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Interview w/ Ali Spittel (part 1)

Published 3/18/2019

We all have different experiences coming into development, and today we talk with Ali Spittel, a software engineer at Dev.to, Director at Women Who Code - DC and lead instructor at General Assembly.

In part 1 of our interview with Ali we dive into her work at Dev.to and how she got into teaching.

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Transcript (Generated by OpenAI Whisper)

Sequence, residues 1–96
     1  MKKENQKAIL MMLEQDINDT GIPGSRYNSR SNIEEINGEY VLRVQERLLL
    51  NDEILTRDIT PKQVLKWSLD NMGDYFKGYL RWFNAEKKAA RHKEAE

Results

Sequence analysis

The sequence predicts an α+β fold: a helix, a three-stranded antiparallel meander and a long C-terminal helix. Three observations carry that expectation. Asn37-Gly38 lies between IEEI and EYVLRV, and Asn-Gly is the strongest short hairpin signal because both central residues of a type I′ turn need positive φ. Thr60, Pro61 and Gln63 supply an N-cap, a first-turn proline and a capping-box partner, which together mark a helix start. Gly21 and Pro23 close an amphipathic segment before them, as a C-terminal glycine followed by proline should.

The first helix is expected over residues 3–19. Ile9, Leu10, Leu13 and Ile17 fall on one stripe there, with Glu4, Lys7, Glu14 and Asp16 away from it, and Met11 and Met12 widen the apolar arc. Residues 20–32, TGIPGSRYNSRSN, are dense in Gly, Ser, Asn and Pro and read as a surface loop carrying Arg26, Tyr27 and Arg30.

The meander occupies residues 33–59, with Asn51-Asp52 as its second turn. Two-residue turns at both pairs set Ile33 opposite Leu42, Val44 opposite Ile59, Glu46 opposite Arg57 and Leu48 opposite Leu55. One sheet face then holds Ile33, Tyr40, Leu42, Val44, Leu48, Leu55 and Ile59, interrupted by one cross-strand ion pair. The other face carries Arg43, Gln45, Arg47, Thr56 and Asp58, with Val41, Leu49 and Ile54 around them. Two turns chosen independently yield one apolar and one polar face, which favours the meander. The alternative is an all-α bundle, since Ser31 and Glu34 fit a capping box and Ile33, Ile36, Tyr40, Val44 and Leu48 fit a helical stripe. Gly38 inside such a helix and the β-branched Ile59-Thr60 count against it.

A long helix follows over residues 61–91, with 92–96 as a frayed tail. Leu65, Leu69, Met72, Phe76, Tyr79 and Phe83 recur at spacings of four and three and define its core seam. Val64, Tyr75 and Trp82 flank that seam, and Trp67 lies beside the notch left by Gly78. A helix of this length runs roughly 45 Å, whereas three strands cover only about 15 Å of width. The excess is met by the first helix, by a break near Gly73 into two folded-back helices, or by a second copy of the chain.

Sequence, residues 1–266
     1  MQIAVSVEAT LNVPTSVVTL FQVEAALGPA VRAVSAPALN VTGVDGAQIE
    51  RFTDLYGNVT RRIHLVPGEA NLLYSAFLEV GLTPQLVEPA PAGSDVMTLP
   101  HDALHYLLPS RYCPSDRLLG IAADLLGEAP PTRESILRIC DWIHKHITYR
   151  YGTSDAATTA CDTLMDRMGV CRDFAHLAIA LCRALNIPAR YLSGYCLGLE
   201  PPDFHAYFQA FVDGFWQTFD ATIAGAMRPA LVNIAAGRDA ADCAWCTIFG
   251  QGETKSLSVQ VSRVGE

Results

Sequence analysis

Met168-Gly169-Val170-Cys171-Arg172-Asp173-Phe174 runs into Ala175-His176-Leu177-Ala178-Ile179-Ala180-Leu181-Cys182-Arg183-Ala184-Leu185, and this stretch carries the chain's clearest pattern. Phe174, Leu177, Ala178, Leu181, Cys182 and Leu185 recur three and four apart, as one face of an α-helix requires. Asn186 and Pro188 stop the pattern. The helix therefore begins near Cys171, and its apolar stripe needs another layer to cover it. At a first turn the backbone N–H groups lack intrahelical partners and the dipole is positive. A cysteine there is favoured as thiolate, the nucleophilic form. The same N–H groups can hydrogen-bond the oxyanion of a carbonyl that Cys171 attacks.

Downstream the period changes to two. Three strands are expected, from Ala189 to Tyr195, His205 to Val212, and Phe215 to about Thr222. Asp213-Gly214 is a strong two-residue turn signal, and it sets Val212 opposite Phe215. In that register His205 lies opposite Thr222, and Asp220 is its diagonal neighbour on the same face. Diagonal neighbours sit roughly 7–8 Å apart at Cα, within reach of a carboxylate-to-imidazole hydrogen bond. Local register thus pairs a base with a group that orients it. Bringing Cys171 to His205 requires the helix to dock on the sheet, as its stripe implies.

We all have different backgrounds and experiences coming into software development and today's guest is no different. Today's guest is Ali Spittel. My name is Jonathan Cutrell, you're listening to Developer Tea. This show exists to help driven developers find clarity, perspective and purpose in their careers. Ali is a software engineer at Dev. She is director at Women Who Code DC and she's a lead instructor at General Assembly. You can find her at Dev.T.O. Of course you can find her on Twitter and at alispittel. Thank you again to Ali for joining me for this episode and make sure you subscribe in whatever podcasting app you use so you don't miss out on part 2 of my interview with Ali. Now let's get straight into the interview with Ali Spittel. Ali, welcome to the show. Thanks. I'm glad to have you on for a bunch of reasons and love for you to give an introduction to yourself how you want people to know you. Of course you work at Dev. That's Dev.T.O. for anyone who's interested. Can you tell us a little bit about that and also the work that you do in DC? Really, I am really interested and involved in the developer community as a whole. I think of myself as a teacher first and then a developer second. I just actually left working full time as an instructor at General Assembly and I moved over to working for Dev which I'm super excited about. I'm working in a hybrid role between being a software engineer and a developer advocate for them. It's really fun to be wearing these multiple hats and get to do a lot of what I love. I'm writing code for the platform. Really cool because it's open source. That's different than anything I've worked on in the past. Dealing with the community and writing code in public is really, really cool. Then in addition to that, I'm doing speaking things and writing for them. I started as a community member for about a year, year and a half before I joined the team full time. It's really cool to see the other side of the aisle there. I still actually teach at night as well. Then on top of all of that, I'm really involved with the DC tech community. I am one of the directors for Women Who Code here in DC and then also have a couple other meetups that I'm involved in. I'm the lead for Women Who for View Vixens and then I also founded meetup called the Art Code Collective. Involves in the community in a lot of different ways. I'd like to, again, think of myself as both a teacher and a developer. That's very exciting. If I'm reading correctly, you are also developing a course. It's a multimedia course. This is on your Twitter account. Is that still in progress? Yeah. I'm definitely working on that. Something that I've noticed while working a lot with new developers is that a lot of people can copy and paste pieces together or figure out how something works through a tutorial. But then I'm actually solving a problem by themselves and bringing down the pieces and then putting them back together. That's the part where I see a lot of people struggling. I want to help bridge that gap and build a course that helps people build their problem solving skills so that they can really become standalone independent developers instead of relying on these things. It will help both in technical interviews but then also working professionally and even working on our school projects as well. That's an excellent way to put a problem that I've seen in pretty much every year. The environment that I've worked in, which is the problems that you face in your work environment are not going to be perfectly packaged. There's not an answer sheet at work necessarily. You end up having these problems that have ambiguous solutions, maybe they have multiple solutions. A lot of it is about opinion, a lot of it is about collaboration and cooperation. I'm really excited to see what you do with this course. Thanks. I'm really excited about it too. It's kind of the, I think, the pinnacle of some of my teaching and builds off a lot of what I've learned from working with so many students, both the hundreds of people that are taught in person but then the hundreds of thousands online through blogging. Yeah. I'd love to ask you a question that typically, in the past, we've asked this towards the end of interviews. I'd like to ask you towards the beginning of the interview. What is one topic that you wish more people would ask you about? That's a good question. I think that I would like to be asked more about teaching. In general, I think a lot of interviews that I do end up surrounding blogging, which is another thing that I am super passionate about in love. But I don't get to talk as much about teaching normally and so that's big. Also, writing code, I barely talk about that outside of some of my blog posts, which are tutorials. That's an interesting. It's interesting that people are seem to be more interested in asking you about blogging versus teaching. I wonder, do you have any theories as to why that is? Do you think people are just trying to build their own blogs? That's why they're asking you about that. Maybe there's not a lot of people are actually trying to teach. I think that's part of it that other people are trying to build their blogs. Also on top of that, it's probably what is most visible that I do. Definitely blogging builds off of teaching. The impression lecturing is my favorite thing to do, though I do really love writing as well. That makes sense. Let's talk a little bit about teaching then. I'd love to know what got you interested in teaching and which came first. Was code your first gateway into teaching or was it the other way around? That's a really good question. I'm going to step back even further. I went to school with the hopes of being a political journalist. I wanted to go on the campaign trail to say candidates around asking them questions. I went to a liberal arts college. Your encourage to take all sorts of classes from all types of disciplines and two of the programs that I fell into were computer science and education. Both of them I had extra credits and decided to take those classes because I had the time to do so. They were both things that interested me, although I had no idea what computer science really was. And so I think I actually took both of them for the first time in the same semester. And both of them became like instant loves for me. And I wanted to actually double major in computer science and then minor in education because my school didn't have an education major. Didn't happen for either of those things. I quit computer science after my second computer science class. Because I thought I wasn't a good enough programmer. And then I ended up finishing college. I was a year early in order to become a software engineer. So the education minor didn't happen either. But those were both two loves that I had from college. And I started with teaching kids while I was still in college. And I was teeing from my computer science department. And that's something that I really, really loved from early on. I did research on how to teach computer science to middle school and high schoolers. And I think that someday that would be something that I would love to pursue again. And then as an adult, the opportunity to teach cone arose again. And I couldn't pass that up. So definitely it was an awesome, awesome opportunity to do that. I think you're probably hitting on a bunch of different nerves for people who are listening to this to this podcast right now about their experiences in education. I also went to liberal arts school. I also started out as a journalism major. I ended up in communications, which is just kind of like the brother or sister program to the journalism major. And so it seems like there's probably a common path into software development, especially front end development for people who are interested in communication in general. So that's a really cool overlap. But I think another perhaps a wider overlap that you have with the audience is that you felt the sense that you weren't good enough during your education process. And you're not a good enough software engineer to cut the program. And this is something that I think a lot of developers have faced, whether they were self-taught or more formally pursued in education in computer science. And I'd love to know if you can take us kind of to that moment of what those emotions were and why did you feel that way? Yeah, so I, again, grew up in kind of the middle of nowhere. Didn't have access to computer science in till college had no idea even what it was other than that people thought that people who liked math would do it. And in high school, I kind of liked math. So everybody was kind of pushing me in that direction. And I finally came and took the class of my first semester. It was an introduction to Python. I totally fell head over heels in love with it. I thought it was so cool that I could build things and write things and different things would pop up on the screen and I could build games and do all this really cool stuff that I didn't even know was possible. Did really well in that class was asked to be a TA for the next semester for that class. And then I also took the C++ data structures and algorithms class, which was a weed out class. Not really a thing in most liberal arts majors. So it wasn't something that I was at all used to. But seeing all these other students drop out around me and we have been changed classrooms because so many people have had dropped that we didn't need a bigger class anymore. And I remember spending all nighters on projects and working so, so hard on these things. And I was a pretty good student. So in other classes I was getting really good grades without having to like overextend myself. And in this computer science class I was pulling all nighters and working crazy hard and going to the office hours and all that and then like pulling out bees on assignments and seas on some and I just thought that if I was really good at this it would click and I would be getting a's and I wouldn't have to be pulling all nighters. So I just thought that this wasn't for me. Actually it's really interesting. Rachmas so Jonny who founded Girls Who Code has a talk, a TED talk about how we teach boys to take risks and teach girls to be perfect. I think that I really, really, really to that talk a lot that I really expected like perfection for myself. And if I wasn't getting a's in every class then it probably wasn't for me and you know there was something wrong with me there. So I just wasn't good at it. And I think that honestly if I had been getting like a's in math classes and computer science classes I would have been way more likely to go into those fields rather than getting like bees which at the time was heartbreaking to me which looking back at so ridiculous because none of these periods matter at all now that I'm out of that world. But yeah so I didn't actually do that that bad in that class and I think you know at the time it felt like I did but yeah so all that work and all the you know less than perfect grades made it so that I thought that I wasn't good enough and I was like I don't even know how this is going to fit into my future career. The only reason I even fell back into it was kind of good luck anyway so. Yeah. That's that's very interesting and in some ways there's some hard break in there for maybe the education system. I guess you know I don't want to paint with a broad brush here but do you feel like those kinds of classes that you know kind of weed people out. Do you think that that is good or could be good for programs or do you think that it may be in this maybe a leading question. Do you think it's better if we have more kind of kind of open classes that are a little bit more forgiving of those. I mean it's some of this stuff is very difficult to grasp and it takes a lot of experience sometimes to really understand and grapple with things that may not come you know immediately and we know that developers come from all kinds of backgrounds and eventually kind of really fulfilling and complete careers without having deep experience. So I'd love to know you know do you look back on that and wish for those programs to change. So definitely I think that looking back there are so many things that I advocate for now that would have helped me so much. One thing is having equal access to computer science programs kind of across the board and you know right now I live in Washington DC and I know that a lot of the suburbs and parts of the city as well have like mandatory multiple computer science classes for students and I think that's huge progress and I think that learning early and making those classes mandatory makes that access a little bit more equal and allows more people to have exposure to computer science early and so I think that when they get to college they're more prepared to take those computer science classes because I think actually in a lot of colleges those intro to computer science classes aren't really meant to be intros they're supposed to be for people who already know how to program but want to learn like data structures and algorithms or something like that and I had never written code before I hadn't even written like Neopets code I think the only thing that I'd ever done was copying piece cheat codes into the sims and I'd ever been to programming with for that computer science class so and I know that as we progress as you know technology field more and more kids will have access to code earlier and earlier but I think having equal access to that in schools is really important and I think there are some great organizations working towards that but then getting towards college I think that having computer science classes that don't think that students have access or don't think that those students have already taken computer science classes and already know a lot of the introductory material is really important and also that those classes are branded to different learners as well in different interest types because you know even if you're actually going into journalism having some background in code is actually really helpful now because you can automate some of your data analysis work or you can draw data visualizations to go into your journalism work so you know computer science doesn't have to be an end all even if it's part of your education it's so important for just building those problem solving skills that I'll apply to other things in life as well. Another thing that I have strong beliefs about is grading I think that especially with like motivated adult learners putting number grades on things and percentage grades cannot often be more harmful than it is good because people are focusing on getting a grade rather than actually internalizing the knowledge and building off of it. So I think that that would be important and that kind of goes back to my computer science experience as well where I was really thinking about this grade and really fixated on that rather than like what I did know and what I was building all of that. Yeah, yeah it's so I've done a lot and this is a topic that I'm very interested in personally as well the process of learning and how you know what kinds of environment does learning really suit best and also the converse what kinds of environments really bad for learning. And pretty much across the board the bad ones are the ones that have high pressure. If there's very little fun if there's very little room for error then you're very likely to not learn very well first of all and then if you have the option of leaving that you're probably going to leave it because it's not very comfortable. Few people don't want to be challenged in a way that they can't rise to the challenge especially if the stakes are high like failing a course and so having these courses that are kind of designed with you know three or four major grades that's a really probably a poor design for a course and so that's I think that your experience is a kind of a picture of that exact problem with computer science courses. We don't have a lot and I think you know the converse side of that is that your involvement with code and art you know combining these ideas is the other side of that coin where you have a very playful environment very low stakes if you get it wrong then chalk it up to you know this is just another art board right you can kind of move on and do something different. That's a much higher potency for learning and I'd love for you to talk a little bit about that relationship for you and how you decided to kind of take that on and learn for yourself. How did that you know provide the right stage for your learning? Yeah so I think that that's super important the idea of having a state placed a fail I think is really important for learning to code because especially when you're starting you're going to go down the wrong road a bunch of times before you eventually go down the right road and having that space and that ability to take that wrong road a couple times is like totally normal and should be encouraged rather than discourage by failure or something like that or super hard deadlines. So totally agree with that point for me art and code has been something that's come later I didn't even know it was possible and I think that a lot of other people don't know that it's even possible so something that's been really fun for me to play with actually came in tandem with blogging it was my first blog post idea was learning how to build art with CSS and so I played around with that and then was able to kind of build this desktop background for myself using CSS and then I wrote about that and then from there I met one of my very close friends who is one of my co-instructors and my last job and we definitely communicated a lot about this idea of art and code and built some things and I kind of spun off each other and now we even have a generative art talk together that would do this really fun but I think that the idea of even like teaching code through art is really cool. I'm teaching a workshop leader this spring on learning Python through turtle turtles built into the Python language actually and it is like this little turtle that you can tell to go in different directions and make different colors and even build cool programs that way so teaching people how to code through that this spring and I think that's a really cool different idea to appeal to different learning styles. Very interesting I didn't realize that Python had that built in but it doesn't surprise me. Does it the group of people in charge of Python that's the kind of thing they would do? Totally if I thought it was my favorite. So I'd love to ask you, I know we've dug into your past a little bit and how you arrived where you are now and it's from the story it feels relatively smooth. You kind of had this linear going through your education and then you eventually got to where you are and there were no bumps along the way and everything was wonderful but the truth is and you know the truth that wasn't how it went. I'd love for you to kind of rewind to a moment where things were really uncertain where you didn't know what was next. Maybe you had a lot of fear or a doubt about your career path and kind of explain how you felt in that moment. Yeah I mean I feel like that's been almost my whole career is like doubting whether this is really for me and whether like what I do really fits in and what I want to do a long term. I feel like it's just like constant questioning with that but at the same point I think that the biggest moment where was when I actually did quit computer science in college that was definitely a big moment for me and I definitely only ended up back in programming by chance. So that definitely is a huge moment of doubting my abilities there and then definitely when I got into my first job I really doubted whether I was good at programming and knew the right things and what I was doing if it was like what was needed and whether I was good at it and all that and like really didn't gain any confidence until I was getting like really positive feedback on stuff from higher ups and like I really needed that validation from somebody else I think earlier in my career that I was doing well and that was helpful to have for sure and then teaching is a little bit different but there's always challenges there in every group of students that you have is different, different challenges definitely and even in that time I think I in some ways doubted my coding abilities too because you're not rating production code every day you're putting that on pause so are you still a strong developer at the end and so I was like pushing myself to a right code but also that wasn't my full time 100% job and so there's some like imposter syndrome that comes in there especially when you're dealing with people online who are saying rude things about you or whatever that definitely kind of doubled up on that as well and then transitioning back into a software engineering job recently like I still feel like I have it in some ways but there's still a lot of questioning there whether I reverted on my skills by teaching instead of being a practicing developer for a couple years. Yeah I know exactly that feeling and the feeling that because I went more towards a management position which is a very similar kind of move where you're not actually working on something where there's hundreds of thousands of users who are running that code and so you get out of that a little bit and you start doing code that is more representative rather than a production piece. I did a lot of tutorial writing I did a win down that path and had the same feeling so that's a very interesting feeling to have because it feels like hey I have this ability to teach other people to do this but do I have the ability to do it? Can I do the thing that I'm teaching other people to do? Yeah and I think the thing with that is I would look at any other instructor and be like you're an incredible programmer because not only do you know this but you also know it well enough to teach it to anybody else and you can make it so that somebody who has no idea what code is can understand how to build something with this and so I can look at those other teachers and say that and say that they're incredible programmers and can do anything but then when it's yourself it's like harder to see that I think. Yeah I think something about that is probably due to the fact that you know your own weaknesses and we have a tendency to know to not know other people's weaknesses. There's one of the the teabrag challenges I believe I mentioned something along these lines it was something like you are better at something than someone you would consider your hero basically right something that you do you know far better than someone you really respect and that's that's kind of a weird reality to accept we kind of think about all of our skills as like a rising tide so that everybody that is better than us at one thing is better than us at everything but the truth is that's not necessarily the case in fact it's almost certainly not the case we each develop different expertise and you know it's very interesting this is one of the reasons why I love to do these interviews because there's something that you know very very well but there's something that you alley people think that you know that you may have absolutely no idea about and that's okay there's something kind of reassuring about that fact that we're all good at different things. Totally that's great insight. Huge thank you to Ali for joining me on today's episode taking some time out of her day and being so kind as I had to reschedule many times Ali was just kind throughout the whole process thank you again for listening to today's episode if you haven't yet subscribed I encourage you to subscribe to teabake challenge this is teabakechallenge.com this is a daily soft skills challenge it's going to help you become a better developer and typically these challenges don't even require you to get out pen and paper or write down anything really it's mostly a mental mental exercise that you do and sometimes it's just a thought for you to consider on a daily basis these are delivered to your inbox head over to teabakechallenge.com to get started with that today. Thank you so much for listening make sure you subscribe in whatever podcasting up you're currently using so you don't miss out on the next episode the second part of this interview with Ali. Thanks again for listening and until next time enjoy your tea.